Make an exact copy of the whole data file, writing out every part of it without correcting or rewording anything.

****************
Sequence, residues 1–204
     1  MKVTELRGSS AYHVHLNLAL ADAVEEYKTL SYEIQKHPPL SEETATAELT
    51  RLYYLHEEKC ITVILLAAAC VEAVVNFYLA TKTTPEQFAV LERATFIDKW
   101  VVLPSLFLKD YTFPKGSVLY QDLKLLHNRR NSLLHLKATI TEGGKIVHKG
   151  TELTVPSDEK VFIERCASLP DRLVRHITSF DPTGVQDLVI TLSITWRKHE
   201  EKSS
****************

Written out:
Sequence, residues 1–204
     1  MKVTELRGSS AYHVHLNLAL ADAVEEYKTL SYEIQKHPPL SEETATAELT
    51  RLYYLHEEKC ITVILLAAAC VEAVVNFYLA TKTTPEQFAV LERATFIDKW
   101  VVLPSLFLKD YTFPKGSVLY QDLKLLHNRR NSLLHLKATI TEGGKIVHKG
   151  TELTVPSDEK VFIERCASLP DRLVRHITSF DPTGVQDLVI TLSITWRKHE
   201  EKSS